A nice little wake up call from Francis Chan.
A nice little wake up call from Francis Chan.
When we have carried you to your narrow bed, let us not have to hunt up stray words, and scraps of religion, in order to make out that you were a true believer. Let us not have to say in a hesitating way one to another, “I trust he is happy; he talked so nicely one day; and he seemed so pleased with a chapter in the Bible on another occasion; and he liked such a person, who is a good man.” Let us be able to speak decidedly as to your condition. Let us have some solid proof of your repentance, your faith, and your holiness, so that none shall be able for a moment to question your state.
Depend on it, without this, those you leave behind can feel no solid comfort about your soul. We may use the form of religion at your burial, and express charitable hopes. We may meet you at the churchyard gate, and say, “Blessed are the dead that die in the Lord.” But this will not alter your condition! If you die without conversion to God, without repentance, and without faith–your funeral will only be the funeral of a lost soul; you had better never have been born.
God is more interested in our holiness than in our comfort. He more greatly delights in the integrity and purity of his church than in the material well-being of its members. He shows himself more clearly to men and women who enjoy him and obey him than to men and women whose horizons revolve around good jobs, nice houses, and reasonable health. He is far more committed to building a corporate “temple’ in which his Spirit dwells than he is in preserving our reputations. He is more vitally disposed to display his grace than to flatter our intelligence. He is more concerned for justice than for our ease. He is more deeply committed to stretching our faith than our popularity. He prefers that his people live in disciplined gratitude and holy joy rather than in pushy self-reliance and glitzy happiness. He wants us to pursue daily death, not self-fulfillment, for the latter leads to death, while the former leads to life. —D.A. Carson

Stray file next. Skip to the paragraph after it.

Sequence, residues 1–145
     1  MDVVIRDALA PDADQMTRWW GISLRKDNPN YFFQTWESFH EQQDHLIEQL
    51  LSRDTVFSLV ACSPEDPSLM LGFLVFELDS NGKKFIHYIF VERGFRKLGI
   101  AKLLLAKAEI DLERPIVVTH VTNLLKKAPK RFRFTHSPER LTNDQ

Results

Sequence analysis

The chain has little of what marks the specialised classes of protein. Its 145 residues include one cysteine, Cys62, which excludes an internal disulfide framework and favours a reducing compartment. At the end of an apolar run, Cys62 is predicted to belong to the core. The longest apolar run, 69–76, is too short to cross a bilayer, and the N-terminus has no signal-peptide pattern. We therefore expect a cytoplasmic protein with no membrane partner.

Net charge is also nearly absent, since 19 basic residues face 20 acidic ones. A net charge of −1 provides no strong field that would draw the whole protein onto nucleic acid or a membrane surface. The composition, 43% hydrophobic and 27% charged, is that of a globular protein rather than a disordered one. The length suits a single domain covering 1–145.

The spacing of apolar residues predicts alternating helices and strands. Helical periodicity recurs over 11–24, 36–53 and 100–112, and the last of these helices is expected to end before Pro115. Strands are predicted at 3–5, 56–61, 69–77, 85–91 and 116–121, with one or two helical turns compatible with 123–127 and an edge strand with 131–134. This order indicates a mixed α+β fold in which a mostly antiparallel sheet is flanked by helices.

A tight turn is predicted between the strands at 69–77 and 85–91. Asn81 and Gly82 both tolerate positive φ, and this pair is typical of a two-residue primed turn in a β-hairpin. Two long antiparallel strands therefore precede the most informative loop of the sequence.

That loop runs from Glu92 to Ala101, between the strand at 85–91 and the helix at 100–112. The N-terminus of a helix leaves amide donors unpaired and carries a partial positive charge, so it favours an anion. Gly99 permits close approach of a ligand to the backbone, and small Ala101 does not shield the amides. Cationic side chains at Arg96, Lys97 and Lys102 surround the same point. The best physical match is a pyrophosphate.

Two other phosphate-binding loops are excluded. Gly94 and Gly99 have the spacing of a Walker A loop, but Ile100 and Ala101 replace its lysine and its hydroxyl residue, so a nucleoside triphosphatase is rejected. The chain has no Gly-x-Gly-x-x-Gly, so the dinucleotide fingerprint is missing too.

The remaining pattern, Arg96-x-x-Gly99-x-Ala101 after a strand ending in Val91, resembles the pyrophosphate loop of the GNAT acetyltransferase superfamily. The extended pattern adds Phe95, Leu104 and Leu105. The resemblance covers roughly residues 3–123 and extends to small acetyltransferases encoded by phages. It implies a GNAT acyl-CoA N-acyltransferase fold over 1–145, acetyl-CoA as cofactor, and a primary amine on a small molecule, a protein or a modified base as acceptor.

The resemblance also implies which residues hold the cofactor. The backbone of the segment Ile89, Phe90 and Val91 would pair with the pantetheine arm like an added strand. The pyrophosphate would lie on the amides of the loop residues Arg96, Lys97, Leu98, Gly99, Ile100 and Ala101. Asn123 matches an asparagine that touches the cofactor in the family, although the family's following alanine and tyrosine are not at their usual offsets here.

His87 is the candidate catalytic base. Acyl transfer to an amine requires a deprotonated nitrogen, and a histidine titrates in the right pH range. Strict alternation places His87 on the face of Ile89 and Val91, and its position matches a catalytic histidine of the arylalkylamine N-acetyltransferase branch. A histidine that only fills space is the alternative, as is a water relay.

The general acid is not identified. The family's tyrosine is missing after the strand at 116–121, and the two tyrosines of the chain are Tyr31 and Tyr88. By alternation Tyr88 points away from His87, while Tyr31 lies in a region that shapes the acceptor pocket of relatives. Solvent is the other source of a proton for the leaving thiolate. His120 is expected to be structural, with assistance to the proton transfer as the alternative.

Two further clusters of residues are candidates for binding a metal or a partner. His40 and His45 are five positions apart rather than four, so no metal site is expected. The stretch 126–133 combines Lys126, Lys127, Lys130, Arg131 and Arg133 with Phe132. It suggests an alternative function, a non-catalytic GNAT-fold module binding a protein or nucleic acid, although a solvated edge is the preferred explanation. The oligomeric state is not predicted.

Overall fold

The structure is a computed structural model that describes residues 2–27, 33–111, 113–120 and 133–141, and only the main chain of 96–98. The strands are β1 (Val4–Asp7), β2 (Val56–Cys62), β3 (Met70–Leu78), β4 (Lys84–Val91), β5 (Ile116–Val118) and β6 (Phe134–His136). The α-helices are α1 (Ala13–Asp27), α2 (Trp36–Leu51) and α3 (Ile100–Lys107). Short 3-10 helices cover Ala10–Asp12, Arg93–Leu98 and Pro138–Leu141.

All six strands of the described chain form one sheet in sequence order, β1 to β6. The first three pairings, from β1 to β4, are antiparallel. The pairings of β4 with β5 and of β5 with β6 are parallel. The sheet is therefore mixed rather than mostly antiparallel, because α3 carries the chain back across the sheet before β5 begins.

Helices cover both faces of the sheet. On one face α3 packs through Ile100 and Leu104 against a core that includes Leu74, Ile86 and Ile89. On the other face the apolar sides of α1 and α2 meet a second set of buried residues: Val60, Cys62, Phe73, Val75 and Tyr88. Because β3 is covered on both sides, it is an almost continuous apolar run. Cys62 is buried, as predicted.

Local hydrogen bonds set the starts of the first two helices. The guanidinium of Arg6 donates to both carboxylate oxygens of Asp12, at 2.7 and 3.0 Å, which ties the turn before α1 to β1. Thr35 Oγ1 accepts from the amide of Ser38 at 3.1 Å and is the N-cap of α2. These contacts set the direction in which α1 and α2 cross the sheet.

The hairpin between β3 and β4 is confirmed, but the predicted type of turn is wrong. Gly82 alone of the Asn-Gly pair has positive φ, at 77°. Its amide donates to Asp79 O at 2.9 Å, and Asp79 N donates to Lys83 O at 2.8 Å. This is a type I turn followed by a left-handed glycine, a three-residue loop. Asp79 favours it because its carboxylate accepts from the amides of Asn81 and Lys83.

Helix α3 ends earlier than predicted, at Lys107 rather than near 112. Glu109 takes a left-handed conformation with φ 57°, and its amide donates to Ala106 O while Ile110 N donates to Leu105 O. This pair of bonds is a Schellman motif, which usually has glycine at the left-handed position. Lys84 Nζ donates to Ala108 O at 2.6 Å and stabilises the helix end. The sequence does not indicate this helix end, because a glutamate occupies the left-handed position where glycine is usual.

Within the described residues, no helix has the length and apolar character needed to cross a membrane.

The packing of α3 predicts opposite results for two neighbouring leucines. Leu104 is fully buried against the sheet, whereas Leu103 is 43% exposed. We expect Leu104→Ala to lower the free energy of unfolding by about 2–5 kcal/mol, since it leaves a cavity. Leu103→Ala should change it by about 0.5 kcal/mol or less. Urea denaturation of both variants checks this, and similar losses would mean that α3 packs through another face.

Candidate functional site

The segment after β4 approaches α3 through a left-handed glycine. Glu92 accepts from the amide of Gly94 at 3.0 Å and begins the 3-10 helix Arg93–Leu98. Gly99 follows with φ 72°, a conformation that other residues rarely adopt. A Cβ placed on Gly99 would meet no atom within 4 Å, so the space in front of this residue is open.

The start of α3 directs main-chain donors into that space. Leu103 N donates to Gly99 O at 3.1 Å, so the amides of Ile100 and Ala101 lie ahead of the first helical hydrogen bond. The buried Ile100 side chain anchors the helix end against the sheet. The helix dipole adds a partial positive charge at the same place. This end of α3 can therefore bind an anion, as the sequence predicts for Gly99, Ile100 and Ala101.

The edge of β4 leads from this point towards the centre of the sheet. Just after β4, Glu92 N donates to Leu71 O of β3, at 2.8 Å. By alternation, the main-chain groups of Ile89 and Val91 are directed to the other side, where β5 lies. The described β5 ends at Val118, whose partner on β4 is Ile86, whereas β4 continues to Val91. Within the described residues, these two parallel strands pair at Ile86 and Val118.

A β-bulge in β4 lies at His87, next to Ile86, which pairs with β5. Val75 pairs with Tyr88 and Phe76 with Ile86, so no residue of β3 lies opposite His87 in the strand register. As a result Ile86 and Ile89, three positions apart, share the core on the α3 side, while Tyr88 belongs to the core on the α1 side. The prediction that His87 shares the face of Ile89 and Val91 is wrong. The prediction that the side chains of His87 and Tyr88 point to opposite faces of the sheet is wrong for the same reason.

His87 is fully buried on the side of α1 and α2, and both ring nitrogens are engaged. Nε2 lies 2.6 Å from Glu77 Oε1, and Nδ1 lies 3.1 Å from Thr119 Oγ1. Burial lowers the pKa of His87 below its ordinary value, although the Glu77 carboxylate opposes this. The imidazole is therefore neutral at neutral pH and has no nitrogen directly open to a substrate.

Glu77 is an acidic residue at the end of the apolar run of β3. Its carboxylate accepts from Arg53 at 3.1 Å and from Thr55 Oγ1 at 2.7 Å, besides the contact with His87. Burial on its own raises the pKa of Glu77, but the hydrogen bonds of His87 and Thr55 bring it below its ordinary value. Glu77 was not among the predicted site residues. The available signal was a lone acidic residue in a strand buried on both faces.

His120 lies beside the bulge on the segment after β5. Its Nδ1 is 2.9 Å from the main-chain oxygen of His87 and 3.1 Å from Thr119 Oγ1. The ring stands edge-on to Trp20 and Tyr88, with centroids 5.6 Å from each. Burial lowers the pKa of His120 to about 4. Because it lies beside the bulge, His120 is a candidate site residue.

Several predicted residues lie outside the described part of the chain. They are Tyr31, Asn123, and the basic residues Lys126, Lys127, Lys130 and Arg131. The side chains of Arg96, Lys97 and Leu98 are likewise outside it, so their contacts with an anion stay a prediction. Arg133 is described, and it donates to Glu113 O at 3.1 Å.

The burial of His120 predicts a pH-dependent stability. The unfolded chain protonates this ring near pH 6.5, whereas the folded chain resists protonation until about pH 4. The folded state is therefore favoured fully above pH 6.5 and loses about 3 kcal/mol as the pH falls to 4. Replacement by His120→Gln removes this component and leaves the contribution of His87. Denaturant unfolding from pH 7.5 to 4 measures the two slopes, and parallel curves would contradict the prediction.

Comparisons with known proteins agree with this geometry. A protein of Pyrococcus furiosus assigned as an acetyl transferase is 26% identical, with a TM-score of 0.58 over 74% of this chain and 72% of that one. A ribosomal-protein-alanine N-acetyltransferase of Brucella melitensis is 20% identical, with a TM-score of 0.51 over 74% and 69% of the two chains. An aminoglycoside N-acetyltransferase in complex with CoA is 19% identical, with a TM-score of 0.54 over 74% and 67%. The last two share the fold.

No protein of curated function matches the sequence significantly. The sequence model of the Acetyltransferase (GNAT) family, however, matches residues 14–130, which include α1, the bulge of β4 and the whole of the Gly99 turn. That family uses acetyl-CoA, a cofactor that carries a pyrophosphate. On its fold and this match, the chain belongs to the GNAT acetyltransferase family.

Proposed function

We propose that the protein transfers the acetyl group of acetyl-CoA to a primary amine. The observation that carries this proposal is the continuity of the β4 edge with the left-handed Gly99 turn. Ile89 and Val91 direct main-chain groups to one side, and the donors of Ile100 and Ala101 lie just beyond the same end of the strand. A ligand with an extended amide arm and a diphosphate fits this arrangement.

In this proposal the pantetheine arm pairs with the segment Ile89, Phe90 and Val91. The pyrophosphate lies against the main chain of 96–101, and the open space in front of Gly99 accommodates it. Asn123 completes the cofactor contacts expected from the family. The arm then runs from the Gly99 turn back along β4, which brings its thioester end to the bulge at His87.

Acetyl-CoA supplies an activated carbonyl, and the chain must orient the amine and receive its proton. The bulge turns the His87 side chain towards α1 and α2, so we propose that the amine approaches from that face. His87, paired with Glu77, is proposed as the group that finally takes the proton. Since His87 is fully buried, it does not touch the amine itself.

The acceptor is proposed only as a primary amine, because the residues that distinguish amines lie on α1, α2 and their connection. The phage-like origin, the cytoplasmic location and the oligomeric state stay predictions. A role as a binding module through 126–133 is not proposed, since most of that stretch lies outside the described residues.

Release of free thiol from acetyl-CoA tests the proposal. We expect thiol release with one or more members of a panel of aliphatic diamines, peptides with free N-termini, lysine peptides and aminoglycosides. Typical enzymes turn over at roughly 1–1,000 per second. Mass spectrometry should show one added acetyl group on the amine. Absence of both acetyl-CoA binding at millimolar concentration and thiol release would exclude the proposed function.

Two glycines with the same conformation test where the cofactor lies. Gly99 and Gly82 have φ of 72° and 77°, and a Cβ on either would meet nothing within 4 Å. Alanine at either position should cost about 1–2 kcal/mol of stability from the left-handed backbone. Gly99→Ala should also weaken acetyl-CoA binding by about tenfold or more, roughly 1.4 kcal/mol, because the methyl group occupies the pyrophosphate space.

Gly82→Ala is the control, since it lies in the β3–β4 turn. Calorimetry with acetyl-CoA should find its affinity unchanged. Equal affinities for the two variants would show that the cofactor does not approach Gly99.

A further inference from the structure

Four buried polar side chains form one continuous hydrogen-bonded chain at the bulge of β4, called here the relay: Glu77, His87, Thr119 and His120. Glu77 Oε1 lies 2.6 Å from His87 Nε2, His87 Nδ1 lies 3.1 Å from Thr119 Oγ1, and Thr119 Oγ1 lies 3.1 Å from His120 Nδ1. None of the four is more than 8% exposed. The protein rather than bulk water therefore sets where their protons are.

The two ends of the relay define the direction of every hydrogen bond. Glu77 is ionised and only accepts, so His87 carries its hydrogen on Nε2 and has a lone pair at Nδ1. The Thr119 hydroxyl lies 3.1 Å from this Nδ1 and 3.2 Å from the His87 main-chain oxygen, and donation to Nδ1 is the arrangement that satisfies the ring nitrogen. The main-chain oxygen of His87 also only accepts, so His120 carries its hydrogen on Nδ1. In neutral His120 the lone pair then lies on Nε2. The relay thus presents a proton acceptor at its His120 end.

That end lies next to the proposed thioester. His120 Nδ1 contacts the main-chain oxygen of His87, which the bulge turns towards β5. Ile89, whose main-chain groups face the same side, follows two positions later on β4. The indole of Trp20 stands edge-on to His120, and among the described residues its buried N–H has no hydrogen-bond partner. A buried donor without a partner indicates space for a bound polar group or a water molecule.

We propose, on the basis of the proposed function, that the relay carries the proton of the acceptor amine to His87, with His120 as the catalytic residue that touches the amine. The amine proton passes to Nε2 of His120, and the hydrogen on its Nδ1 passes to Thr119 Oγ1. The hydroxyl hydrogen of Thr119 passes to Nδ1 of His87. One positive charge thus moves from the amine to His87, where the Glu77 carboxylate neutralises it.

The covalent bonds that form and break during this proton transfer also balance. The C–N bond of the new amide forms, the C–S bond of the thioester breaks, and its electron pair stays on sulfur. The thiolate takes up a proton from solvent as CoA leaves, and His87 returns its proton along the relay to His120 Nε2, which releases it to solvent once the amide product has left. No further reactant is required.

“I am not what I ought to be, I am not what I want to be, I am not what I hope to be in another world; but still I am not what I once used to be, and by the grace of God I am what I am.”
“God knows instantly and effortlessly all matter and all matters, all mind and every mind, all spirit and all spirits, all being and every being, all creaturehood and all creatures, every plurality and all pluralities, all law and every law, all relations, all causes, all thoughts, all mysteries, all enigmas, all feelings, all desires, every unuttered secret, all thrones and dominions, all personalities, all things visible and invisible in heaven and in earth, motion, space, time, life, death, good, evil, heaven, and hell.
“Because God knows all things perfectly, He knows no thing better than any other thing, but all things equally well. He never discovers anything. He is never surprised, never amazed. He never wonders about anything nor (except when drawing men out for their own good) does He seek information or ask questions.”
“. . . And to us who have fled for refuge to lay hold upon the hope that is set before us in the gospel, how unutterably sweet is the knowledge that our Heavenly Father knows us completely. No talebearer can inform on us, no enemy can make an accusation stick; no forgotten skeleton can come tumbling out of some hidden closet to abash us and expose our past; no unsuspected weakness in our characters can come to light to turn God away from us, since He knew us utterly before we knew Him and called us to Himself in the full knowledge of everything that was against us.”